As such, a genuine issue of material fact requires “sufficient evidence supporting the claimed factual dispute” so as to “require a jury or judge to resolve the parties' differing versions of the truth at trial.” Anderson, 477 U.S. at 249 (quotations omitted). The party moving for entry of summary judgment bears “the initial responsibility of informing the district court of the basis for its motion and identifying those portions of the record which show a lack of a genuine issue.” Hartnagel, 953 F.2d at 395 (citing Celotex, 477 U.S. at 323). Once the moving party has met this burden, the nonmoving party must go beyond the pleadings and by depositions, affidavits, or otherwise, designate specific facts showing that there is a genuine issue for trial. Mosley v. City of Northwoods, 415 F.3d 908, 910 (8th Cir. 2005). The nonmovant must show an alleged issue of fact is genuine and material as it relates to the substantive law. Id. If a party fails to make a sufficient showing of an essential element of a claim or defense with respect to which that party has the burden of proof, then the opposing party is entitled to judgment as a matter of law. Celotex, 477 U.S. at 322.

         To determine whether a genuine issue of material fact exists, I must view the evidence in the light most favorable to the nonmoving party. Matsushita, 475 U.S. at 587-88. Further, I must give the nonmoving party the benefit of all reasonable inferences that can be drawn from the facts. Id. However, “because we view the facts in the light most favorable to the nonmoving party, we do not weigh the evidence or attempt to determine the credibility of the witnesses.” Kammueller v. Loomis, Fargo & Co., 383 F.3d 779, 784 (8th Cir. 2004) (citing Quick v. Donaldson Co., 90 F.3d 1372, 1376-77 (8th Cir. 1996)). Instead, “the court's function is to determine whether a dispute about a material fact is genuine.” Quick, 90 F.3d at 1377.

         IV. RELEVANT FACTS

         Unless otherwise noted, the parties do not dispute the following facts:

         On March 18, 2015, McManemy borrowed a truck from his friend Janet. Doc. No. 67-3 at 5. McManemy took this truck to go visit his girlfriend and get his motorcycle fixed in Iowa Falls, Iowa. Doc. No. 61 at 8; Doc. No. 67-3 at 4-5. McManemy attached an open air trailer to the truck while in Iowa Falls, and began driving back towards Janet's house in Ackley, Iowa, at approximately 3:30 p.m. Id. at 5. At some point on this drive, McManemy's mother informed him over the phone that his father had been admitted to the hospital in Iowa City for congestive heart failure, and that his father was on his death bed. Id. McManemy testified that his plan was to return the truck to Janet, drive to Waterloo and then get a ride from a friend to Iowa City. Id.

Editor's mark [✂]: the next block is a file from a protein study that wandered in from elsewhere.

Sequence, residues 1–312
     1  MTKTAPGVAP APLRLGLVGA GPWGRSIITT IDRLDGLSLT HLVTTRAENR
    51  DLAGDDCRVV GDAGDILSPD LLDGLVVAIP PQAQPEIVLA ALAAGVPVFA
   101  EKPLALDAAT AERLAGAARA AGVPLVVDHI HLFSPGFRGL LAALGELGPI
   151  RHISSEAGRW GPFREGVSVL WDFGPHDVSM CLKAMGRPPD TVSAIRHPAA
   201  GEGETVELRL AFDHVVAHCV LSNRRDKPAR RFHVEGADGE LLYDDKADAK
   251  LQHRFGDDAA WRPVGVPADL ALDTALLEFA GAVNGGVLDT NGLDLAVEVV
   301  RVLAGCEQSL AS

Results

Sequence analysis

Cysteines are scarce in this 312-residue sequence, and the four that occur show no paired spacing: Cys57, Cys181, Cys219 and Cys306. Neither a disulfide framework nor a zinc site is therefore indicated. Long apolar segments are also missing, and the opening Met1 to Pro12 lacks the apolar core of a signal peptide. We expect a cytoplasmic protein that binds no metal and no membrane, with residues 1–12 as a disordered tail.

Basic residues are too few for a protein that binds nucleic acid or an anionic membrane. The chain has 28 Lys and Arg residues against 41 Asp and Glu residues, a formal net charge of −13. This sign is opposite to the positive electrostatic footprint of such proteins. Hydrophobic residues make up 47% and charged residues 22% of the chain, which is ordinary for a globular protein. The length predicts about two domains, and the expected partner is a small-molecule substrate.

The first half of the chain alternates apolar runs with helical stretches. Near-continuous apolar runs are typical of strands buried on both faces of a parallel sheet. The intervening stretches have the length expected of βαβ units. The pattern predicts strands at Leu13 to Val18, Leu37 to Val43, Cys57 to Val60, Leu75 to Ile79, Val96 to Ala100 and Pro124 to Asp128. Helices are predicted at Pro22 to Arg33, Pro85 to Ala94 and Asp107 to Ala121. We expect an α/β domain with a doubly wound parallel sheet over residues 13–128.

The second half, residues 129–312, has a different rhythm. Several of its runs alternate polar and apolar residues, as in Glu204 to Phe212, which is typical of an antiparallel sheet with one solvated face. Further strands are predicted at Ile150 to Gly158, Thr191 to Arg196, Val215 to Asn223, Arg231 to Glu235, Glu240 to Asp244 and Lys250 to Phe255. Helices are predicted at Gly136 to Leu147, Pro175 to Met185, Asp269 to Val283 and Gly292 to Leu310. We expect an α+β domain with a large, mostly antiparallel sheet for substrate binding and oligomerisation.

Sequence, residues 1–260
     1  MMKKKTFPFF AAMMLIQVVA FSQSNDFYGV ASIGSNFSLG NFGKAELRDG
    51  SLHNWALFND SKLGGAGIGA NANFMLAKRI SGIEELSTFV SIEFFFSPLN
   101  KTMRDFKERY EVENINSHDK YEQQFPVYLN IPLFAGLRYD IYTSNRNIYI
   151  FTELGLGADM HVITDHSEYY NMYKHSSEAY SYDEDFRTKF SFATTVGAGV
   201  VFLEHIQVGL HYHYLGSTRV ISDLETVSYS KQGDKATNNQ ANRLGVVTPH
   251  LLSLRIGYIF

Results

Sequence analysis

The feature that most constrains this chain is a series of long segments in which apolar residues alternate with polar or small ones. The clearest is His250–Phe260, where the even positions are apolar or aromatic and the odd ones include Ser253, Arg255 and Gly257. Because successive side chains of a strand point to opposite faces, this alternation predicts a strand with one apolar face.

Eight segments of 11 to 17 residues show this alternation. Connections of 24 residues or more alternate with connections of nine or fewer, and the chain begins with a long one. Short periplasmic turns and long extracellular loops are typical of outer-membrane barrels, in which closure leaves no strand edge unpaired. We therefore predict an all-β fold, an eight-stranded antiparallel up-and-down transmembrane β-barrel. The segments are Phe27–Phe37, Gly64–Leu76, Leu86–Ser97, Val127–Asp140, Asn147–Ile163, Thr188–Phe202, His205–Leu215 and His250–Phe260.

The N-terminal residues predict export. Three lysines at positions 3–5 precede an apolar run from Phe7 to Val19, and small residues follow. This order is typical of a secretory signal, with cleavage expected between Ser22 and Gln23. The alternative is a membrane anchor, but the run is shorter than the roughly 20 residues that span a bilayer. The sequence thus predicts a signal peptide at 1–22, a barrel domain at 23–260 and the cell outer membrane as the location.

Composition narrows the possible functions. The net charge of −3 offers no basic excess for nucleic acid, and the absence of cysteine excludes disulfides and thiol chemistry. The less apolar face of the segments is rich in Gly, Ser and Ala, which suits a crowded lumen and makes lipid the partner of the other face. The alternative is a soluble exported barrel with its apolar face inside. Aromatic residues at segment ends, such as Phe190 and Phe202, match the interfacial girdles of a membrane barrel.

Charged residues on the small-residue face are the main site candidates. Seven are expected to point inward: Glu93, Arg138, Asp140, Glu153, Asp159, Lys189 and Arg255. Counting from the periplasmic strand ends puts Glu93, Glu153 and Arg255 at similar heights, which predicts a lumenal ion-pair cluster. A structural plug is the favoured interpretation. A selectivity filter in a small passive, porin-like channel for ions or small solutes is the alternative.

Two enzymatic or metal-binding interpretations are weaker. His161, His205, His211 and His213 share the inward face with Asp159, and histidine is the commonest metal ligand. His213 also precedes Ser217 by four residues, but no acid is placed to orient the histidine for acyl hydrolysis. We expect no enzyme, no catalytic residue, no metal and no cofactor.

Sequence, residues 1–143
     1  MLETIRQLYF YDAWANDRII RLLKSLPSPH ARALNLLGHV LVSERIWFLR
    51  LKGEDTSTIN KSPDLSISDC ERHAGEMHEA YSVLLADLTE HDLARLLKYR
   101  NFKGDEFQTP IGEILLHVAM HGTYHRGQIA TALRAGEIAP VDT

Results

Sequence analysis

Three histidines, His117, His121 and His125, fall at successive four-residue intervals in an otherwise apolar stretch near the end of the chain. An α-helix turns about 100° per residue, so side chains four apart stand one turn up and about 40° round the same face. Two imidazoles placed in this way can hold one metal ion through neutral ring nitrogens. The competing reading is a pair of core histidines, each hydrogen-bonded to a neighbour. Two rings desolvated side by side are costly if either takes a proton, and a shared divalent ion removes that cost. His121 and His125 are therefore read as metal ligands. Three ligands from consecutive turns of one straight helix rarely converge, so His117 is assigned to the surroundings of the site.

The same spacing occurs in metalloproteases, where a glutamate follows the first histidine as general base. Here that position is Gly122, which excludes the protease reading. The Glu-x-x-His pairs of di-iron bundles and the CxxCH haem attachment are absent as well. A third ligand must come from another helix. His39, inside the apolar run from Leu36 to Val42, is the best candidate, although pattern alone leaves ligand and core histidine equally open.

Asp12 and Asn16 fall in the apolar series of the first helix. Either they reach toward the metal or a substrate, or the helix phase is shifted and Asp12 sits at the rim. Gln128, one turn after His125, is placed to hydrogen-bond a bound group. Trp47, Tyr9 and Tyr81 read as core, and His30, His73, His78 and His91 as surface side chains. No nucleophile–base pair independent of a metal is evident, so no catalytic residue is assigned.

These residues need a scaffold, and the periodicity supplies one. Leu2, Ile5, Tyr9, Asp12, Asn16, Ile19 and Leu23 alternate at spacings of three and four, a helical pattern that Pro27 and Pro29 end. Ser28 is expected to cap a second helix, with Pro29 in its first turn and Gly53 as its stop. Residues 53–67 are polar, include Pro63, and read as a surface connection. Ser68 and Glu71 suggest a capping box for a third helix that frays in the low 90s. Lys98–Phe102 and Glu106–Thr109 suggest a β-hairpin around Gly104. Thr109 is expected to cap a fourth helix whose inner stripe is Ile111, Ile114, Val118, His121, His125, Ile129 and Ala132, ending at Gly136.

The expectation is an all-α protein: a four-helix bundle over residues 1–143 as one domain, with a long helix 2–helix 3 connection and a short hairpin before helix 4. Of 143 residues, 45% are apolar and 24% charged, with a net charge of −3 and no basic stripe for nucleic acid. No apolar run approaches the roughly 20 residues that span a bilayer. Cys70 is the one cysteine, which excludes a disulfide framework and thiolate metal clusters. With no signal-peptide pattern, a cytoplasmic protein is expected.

Meanwhile, officers from Grundy and Butler Counties were engaged in a narcotics investigation involving McManemy. Doc. No. 61 at 120-21. The officers believed McManemy was making a delivery of narcotics and they intended to conduct a traffic stop before he made the delivery. Id. Lubben's police report states that “because of prior interaction with [McManemy] it was anticipated that he could try to elude us if he was the driver of the vehicle.” Id. at 120.

         McManemy was first observed by officers about two miles outside of Ackley, Iowa, around 7:20 p.m. Dolleslager's dash camera captures McManemy travelling the opposite direction. Dolleslager Video at 19:26. Dolleslager turned around, activated his lights, and began to pursue McManemy. Id. at 19:26-19:28. McManemy testified that he believed Dolleslager saw him run a stop sign. Doc. No. 67-3 at 5. Dolleslager testified that he intended to pull McManemy over for speeding. Id. at 26. McManemy agreed that Dolleslager had the right to pull him over and that there was probable cause for an arrest. Id. at 7. However, McManemy testified that he did not stop his car because he was scared and because he wanted to return to Iowa City to see his father. Id. at 7-8.